Los valores medios de strain total longitudinal, radial y circunferencial fueron –21,5 ± 2,0%, 40,1 ± 11,8% y –22,2 ± 3,4%, respectivamente. El strain longitudinal fue significativamente más negativo en las mujeres, mientras que el strain radial y el circunferencial y los parámetros rotacionales fueron similares en ambos sexos. En consecuencia, los límites inferiores de la normalidad para los componentes del strain fueron –16,9% en los varones y –18,5% en las mujeres para el strain longitudinal, –15,4% para el strain circunferencial y 24,6% para el strain radial, con independencia del sexo. Los valores de strain longitudinal fueron más negativos en la base que en los segmentos apicales. Los valores medios de la rotación fueron -6,9 ± 3,5° en la base, 13,0 ± 6,5° para la rotación apical y 20,0 ± 7,3° para el giro neto.


Presentamos una evaluación detallada de la deformación normal del miocardio y la mecánica rotacional en una cohorte amplia de voluntarios sanos. Observamos que las mujeres presentan un strain longitudinal más negativo, lo cual explica su mayor fracción de eyección del ventrículo izquierdo. La disponibilidad de valores de referencia de esos parámetros puede facilitar su aplicación en la práctica clínica habitual.

Palabras clave:
Ecocardiografía speckle tracking
Strain bidimensional
Valores de referencia
Individuos sanos
Ventrículo izquierdo
Deformación miocárdica
Individuos normales
Full Text


Left ventricular (LV) systolic function has been reported to be a powerful predictor of long-term survival in patients affected by a wide spectrum of cardiac diseases.1–3 The most widely used echocardiographic parameter to quantify LV systolic function has been LV ejection fraction (LVEF). While LVEF is a strong predictor of mortality and is used to select patients for device implantation4 surgical procedures5 and pharmacological treatments,6 it is extremely load-dependent, its measurement with echocardiography depends critically on operator expertise, and it is affected by significant intraobserver and interobserver variability.1

Global LV function is the result of the contraction and relaxation of a complex myocardial fiber architecture as a transmural continuum between 2 helical fiber geometries, where right-handed helical geometry in the subendocardial layer of myocardial wall gradually changes into left-handed geometry in the subepicardial layer.7,8 Myocardial fiber contraction determines changes of LV size and shape that are the result of concomitant longitudinal shortening, circumferential rotation, and radial thickening of the myocardium. The LVEF provides a global index of LV chamber function, ignoring the relative role of the different components of myocardial function (deformation in various directions and rotation), which may be affected to a different extent in different cardiac diseases even when LVEF is still in the normal range.9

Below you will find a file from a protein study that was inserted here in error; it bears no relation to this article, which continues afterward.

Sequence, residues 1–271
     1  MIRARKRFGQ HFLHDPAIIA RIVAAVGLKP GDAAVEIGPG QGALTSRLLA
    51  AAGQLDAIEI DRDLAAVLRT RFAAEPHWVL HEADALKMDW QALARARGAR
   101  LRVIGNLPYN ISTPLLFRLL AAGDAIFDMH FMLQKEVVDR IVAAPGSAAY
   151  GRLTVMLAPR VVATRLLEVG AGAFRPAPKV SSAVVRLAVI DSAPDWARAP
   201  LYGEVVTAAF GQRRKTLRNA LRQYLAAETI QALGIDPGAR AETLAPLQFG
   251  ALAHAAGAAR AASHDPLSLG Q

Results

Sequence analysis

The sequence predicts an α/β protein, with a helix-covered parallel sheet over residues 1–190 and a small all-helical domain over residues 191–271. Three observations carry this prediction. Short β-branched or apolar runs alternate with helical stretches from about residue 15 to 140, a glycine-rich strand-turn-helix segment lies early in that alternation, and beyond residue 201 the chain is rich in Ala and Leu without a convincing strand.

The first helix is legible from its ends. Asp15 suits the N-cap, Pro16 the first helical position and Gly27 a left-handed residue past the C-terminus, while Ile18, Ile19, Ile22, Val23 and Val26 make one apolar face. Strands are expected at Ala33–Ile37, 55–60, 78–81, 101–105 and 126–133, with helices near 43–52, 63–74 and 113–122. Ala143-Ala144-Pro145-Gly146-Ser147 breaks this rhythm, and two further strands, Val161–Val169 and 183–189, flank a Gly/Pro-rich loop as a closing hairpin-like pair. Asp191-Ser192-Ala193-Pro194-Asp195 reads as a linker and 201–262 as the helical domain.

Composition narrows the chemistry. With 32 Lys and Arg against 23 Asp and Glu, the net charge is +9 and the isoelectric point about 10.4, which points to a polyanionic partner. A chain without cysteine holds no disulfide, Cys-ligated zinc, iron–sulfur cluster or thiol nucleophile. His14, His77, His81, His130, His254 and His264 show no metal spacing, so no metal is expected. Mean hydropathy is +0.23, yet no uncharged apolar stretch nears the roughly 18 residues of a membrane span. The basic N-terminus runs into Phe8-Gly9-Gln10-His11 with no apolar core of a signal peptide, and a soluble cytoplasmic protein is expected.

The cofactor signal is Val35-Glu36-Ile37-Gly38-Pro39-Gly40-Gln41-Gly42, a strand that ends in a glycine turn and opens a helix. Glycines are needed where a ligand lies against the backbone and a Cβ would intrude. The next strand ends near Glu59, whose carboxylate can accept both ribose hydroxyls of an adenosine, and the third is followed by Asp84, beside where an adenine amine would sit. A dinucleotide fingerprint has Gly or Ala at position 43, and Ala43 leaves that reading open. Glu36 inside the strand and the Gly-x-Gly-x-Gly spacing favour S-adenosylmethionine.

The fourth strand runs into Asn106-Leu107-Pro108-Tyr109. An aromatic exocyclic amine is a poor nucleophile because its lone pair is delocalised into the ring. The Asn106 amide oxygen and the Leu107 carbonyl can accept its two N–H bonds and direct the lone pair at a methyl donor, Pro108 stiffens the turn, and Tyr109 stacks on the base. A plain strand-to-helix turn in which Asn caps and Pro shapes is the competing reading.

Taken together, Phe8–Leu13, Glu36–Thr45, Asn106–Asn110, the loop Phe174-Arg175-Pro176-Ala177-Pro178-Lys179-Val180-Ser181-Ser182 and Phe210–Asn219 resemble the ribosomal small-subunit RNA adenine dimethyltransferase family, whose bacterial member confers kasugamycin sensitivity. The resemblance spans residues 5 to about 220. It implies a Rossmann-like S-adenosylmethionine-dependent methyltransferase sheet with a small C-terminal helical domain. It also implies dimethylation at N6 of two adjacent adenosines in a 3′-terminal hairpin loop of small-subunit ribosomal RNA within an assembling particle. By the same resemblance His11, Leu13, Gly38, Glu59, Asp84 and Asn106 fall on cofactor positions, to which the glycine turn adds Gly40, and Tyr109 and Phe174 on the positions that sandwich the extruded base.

Two-dimensional speckle-tracking echocardiography has recently emerged as a novel technique for objective and quantitative evaluation of global and regional myocardial function, independent of the angle of myocardial insonation.10–12 The myocardial deformation data (strain, ??) are obtained by frame-by-frame automatic measurement of the distance between 2 points of each LV segment during the cardiac cycle along 3 dimensions (radial, R??; circumferential, C??, and longitudinal, L??).

In addition, 2-dimensional speckle-tracking echocardiography can be used to assess LV rotational mechanics. LV rotation can be measured on 2-dimensional short-axis views acquired at base and apical levels to allow computation of twist and untwist. Several studies have related the dynamics of cardiac twist to systolic function of the LV.13,14

However, to be clinically useful, all these new parameters of myocardial and LV function need reference values that can be compared with data obtained from patients with suspected myocardial diseases. To date, reference values for deformation and rotational parameters are limited, heterogeneous, and sometimes inconsistent.15–18

Accordingly, we designed this prospective, observational study to use 2-dimensional speckle-tracking echocardiography in healthy volunteers to obtain the reference values for L??, C??, and R?? as well as rotation and twist of the LV and to assess their relationship with sex and age.

METHODSStudy Population

A cohort of 260 healthy Caucasian volunteers were prospectively recruited at a single tertiary center among hospital employees, fellows in training, their relatives, and individuals who underwent medical visits for driving or working licenses and met the inclusion criteria. Prospective criteria for recruitment included age >17 years, no history of cardiovascular or lung disease, no symptoms, absence of cardiovascular risk factors (ie, hypertension, smoking, diabetes, dyslipidemia), no cardioactive or vasoactive treatment, and normal results on electrocardiography and physical examination. Exclusion criteria were athletic training, pregnancy, and body mass index > 30kg/m2. Blood pressure (BP) was measured in all participants immediately before the echocardiographic examination. Height and weight were measured using a calibrated stadiometer and scale, and body surface area was calculated according to the Dubois and Dubois formula.19 Body mass index was calculated by dividing weight in kilograms by height in meters squared (kg/m2).